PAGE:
* Graphic: World FX rates in 2019 tmsnrt.rs/2egbfVh
By Saikat Chatterjee
LONDON, Jan 24 (Reuters) - The euro weakened to a seven-week low on Friday as lacklustre PMI data added to the broader market conviction that European central bank policymakers will maintain a loose monetary policy for the near future.
Euro zone business activity remained lacklustre at the start of the year, a survey showed, a day after ECB rate-setters did not make any policy change, standing by their pledge to keep buying bonds and, if needed, cut interest rates until euro zone inflation headed back to their goal.
The data added to expectations that a rate hike is ruled out for the rest of the year, with Nordea analysts expecting a 10 bps increase only in the second quarter of 2023.
Though there are no expectations for a rate hike from the U.S. Federal Reserve as well for the rest of the year, the 160 bps plus interest rate differential in benchmark interest rates between the euro zone and United States is expected to drive the single currency lower.
Indeed, the euro is set for its worst start to the year in five years, down 1.5% so far this month, and trading at its lowest levels since Dec. 2 at $1.1031.
“The euro is seeing renewed institutional selling since the start of the year with expectations that the Fed is probably on hold now while the ECB explores their options to add liquidity,” said John Marley, a senior FX consultant at FX risk management specialist, SmartCurrencyBusiness.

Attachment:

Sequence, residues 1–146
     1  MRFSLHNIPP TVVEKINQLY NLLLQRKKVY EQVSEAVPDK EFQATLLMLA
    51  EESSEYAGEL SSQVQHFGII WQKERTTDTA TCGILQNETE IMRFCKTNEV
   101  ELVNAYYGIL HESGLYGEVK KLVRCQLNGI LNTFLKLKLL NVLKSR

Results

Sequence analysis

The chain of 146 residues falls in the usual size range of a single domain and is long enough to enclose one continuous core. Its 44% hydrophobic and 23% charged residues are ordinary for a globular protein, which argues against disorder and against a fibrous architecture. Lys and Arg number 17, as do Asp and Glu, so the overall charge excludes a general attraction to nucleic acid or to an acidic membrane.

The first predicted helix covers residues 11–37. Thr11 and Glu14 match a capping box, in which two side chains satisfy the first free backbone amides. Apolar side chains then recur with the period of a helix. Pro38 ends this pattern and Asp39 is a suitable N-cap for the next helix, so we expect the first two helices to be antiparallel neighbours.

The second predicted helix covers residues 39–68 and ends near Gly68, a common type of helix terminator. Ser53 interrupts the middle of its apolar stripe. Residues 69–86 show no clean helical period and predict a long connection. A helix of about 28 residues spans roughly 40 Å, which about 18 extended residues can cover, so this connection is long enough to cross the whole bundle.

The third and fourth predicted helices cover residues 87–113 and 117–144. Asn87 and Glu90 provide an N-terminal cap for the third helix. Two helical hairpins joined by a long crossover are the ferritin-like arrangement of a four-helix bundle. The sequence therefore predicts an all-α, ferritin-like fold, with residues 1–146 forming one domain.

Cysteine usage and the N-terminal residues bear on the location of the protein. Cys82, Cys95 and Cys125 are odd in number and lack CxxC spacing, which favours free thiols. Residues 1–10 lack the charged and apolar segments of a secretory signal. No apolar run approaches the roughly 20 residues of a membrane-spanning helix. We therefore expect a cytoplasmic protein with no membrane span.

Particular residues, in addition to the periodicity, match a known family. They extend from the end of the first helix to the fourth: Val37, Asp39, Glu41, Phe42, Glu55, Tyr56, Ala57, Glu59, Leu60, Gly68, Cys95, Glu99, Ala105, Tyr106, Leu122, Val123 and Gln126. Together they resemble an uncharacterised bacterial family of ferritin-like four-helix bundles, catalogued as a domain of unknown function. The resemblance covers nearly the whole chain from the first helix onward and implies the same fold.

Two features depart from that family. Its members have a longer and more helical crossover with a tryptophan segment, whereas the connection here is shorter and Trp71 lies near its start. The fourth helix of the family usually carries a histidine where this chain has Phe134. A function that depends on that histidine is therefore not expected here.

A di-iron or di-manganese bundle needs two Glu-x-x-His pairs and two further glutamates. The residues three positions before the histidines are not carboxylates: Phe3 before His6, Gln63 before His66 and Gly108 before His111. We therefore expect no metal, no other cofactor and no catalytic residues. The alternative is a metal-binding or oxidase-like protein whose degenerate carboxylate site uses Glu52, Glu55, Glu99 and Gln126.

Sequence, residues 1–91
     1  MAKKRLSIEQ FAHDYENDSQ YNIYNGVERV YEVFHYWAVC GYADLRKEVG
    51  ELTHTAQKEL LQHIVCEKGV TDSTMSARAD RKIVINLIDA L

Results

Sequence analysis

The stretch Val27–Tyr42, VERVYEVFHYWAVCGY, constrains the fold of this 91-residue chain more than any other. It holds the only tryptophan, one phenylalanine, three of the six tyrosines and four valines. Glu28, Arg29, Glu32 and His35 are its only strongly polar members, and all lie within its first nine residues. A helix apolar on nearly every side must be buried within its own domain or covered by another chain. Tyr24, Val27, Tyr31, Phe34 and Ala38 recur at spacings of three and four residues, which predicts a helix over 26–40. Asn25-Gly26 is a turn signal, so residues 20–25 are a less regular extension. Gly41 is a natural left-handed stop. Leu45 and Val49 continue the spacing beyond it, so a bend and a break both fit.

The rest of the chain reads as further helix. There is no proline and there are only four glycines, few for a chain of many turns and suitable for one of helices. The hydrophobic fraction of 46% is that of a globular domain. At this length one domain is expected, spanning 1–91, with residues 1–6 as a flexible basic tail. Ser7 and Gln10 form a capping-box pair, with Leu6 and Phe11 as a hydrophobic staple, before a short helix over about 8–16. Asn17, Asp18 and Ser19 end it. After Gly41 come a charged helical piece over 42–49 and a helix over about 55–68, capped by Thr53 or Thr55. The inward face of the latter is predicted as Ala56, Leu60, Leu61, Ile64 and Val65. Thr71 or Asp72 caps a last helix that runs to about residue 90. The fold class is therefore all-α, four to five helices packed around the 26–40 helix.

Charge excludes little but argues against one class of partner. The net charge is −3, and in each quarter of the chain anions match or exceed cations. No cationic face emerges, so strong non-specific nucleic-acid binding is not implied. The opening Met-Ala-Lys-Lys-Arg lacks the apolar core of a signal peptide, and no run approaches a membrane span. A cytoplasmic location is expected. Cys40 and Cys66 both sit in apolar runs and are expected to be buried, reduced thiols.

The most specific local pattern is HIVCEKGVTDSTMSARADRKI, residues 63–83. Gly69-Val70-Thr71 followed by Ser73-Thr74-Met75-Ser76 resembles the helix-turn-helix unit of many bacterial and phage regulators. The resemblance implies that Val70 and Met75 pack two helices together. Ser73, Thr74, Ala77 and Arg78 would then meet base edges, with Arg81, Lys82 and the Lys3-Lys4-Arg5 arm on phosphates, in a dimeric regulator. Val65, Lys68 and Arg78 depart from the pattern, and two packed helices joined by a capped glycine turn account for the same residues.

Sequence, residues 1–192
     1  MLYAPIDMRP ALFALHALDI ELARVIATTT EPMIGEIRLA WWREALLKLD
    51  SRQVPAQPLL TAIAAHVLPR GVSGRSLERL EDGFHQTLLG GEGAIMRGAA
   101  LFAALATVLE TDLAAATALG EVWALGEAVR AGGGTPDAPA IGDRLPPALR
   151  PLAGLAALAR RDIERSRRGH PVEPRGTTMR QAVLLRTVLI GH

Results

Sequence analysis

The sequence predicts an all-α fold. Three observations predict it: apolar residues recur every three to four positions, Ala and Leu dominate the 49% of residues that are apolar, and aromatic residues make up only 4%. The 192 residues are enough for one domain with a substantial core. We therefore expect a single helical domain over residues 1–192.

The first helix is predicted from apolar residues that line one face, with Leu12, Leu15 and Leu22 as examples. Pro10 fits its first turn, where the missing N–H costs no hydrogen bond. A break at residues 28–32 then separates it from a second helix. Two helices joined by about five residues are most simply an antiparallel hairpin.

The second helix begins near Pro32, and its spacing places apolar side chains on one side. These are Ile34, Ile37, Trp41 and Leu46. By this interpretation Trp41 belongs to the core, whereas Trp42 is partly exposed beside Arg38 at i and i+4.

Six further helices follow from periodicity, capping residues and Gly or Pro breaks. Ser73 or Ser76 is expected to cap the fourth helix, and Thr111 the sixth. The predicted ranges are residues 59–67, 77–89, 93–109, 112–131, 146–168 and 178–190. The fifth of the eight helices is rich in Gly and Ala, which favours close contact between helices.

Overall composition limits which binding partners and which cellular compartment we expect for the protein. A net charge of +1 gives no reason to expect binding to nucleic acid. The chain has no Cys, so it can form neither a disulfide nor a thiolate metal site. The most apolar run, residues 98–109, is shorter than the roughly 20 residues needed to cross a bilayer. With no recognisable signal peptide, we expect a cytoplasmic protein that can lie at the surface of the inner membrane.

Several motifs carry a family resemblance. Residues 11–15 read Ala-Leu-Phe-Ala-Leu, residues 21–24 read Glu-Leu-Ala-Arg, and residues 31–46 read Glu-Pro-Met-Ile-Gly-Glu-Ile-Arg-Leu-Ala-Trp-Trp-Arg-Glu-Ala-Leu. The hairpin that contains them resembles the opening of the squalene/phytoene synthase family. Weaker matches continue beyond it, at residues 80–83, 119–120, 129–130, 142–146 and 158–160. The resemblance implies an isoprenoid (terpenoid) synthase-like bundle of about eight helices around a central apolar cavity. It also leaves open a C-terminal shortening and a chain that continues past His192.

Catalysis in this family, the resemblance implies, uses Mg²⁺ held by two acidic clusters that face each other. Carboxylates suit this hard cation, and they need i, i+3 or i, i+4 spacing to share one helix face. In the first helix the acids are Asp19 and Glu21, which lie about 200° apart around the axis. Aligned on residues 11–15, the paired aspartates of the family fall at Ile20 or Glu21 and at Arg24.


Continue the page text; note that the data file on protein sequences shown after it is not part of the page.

It was near a five-week low against the British pound and 33-month low against the Swiss franc.
Implied volatility on one-month euro/dollar exchange rates also drifted towards a record low of below 3.7%, yet another indicator of how low expectations are from investors of any change in European policy rates.
“Some people were hoping that (ECB chief Christine) Lagarde could talk about the possibility of policy normalisation after Riksbank ended negative interest rates late last year. But there was absolutely no such indication from her,” said Kazushige Kaida, head of foreign exchange at State Street Bank.
Riksbank, the central bank of Sweden, ended five years of negative interest rates last month, despite a slowdown in the Swedish economy.
The dollar index rose 0.2% at 97.87 and was on track for a third consecutive week of gains.
The Australian dollar traded at $0.6846, erasing the gains made after a strong jobs report the day before and heading for a fourth consecutive week of losses.
Reporting by Saikat Chatterjee; Additional reporting by Hideyuki Sano in Tokyo Editing by Larry King and Peter Graff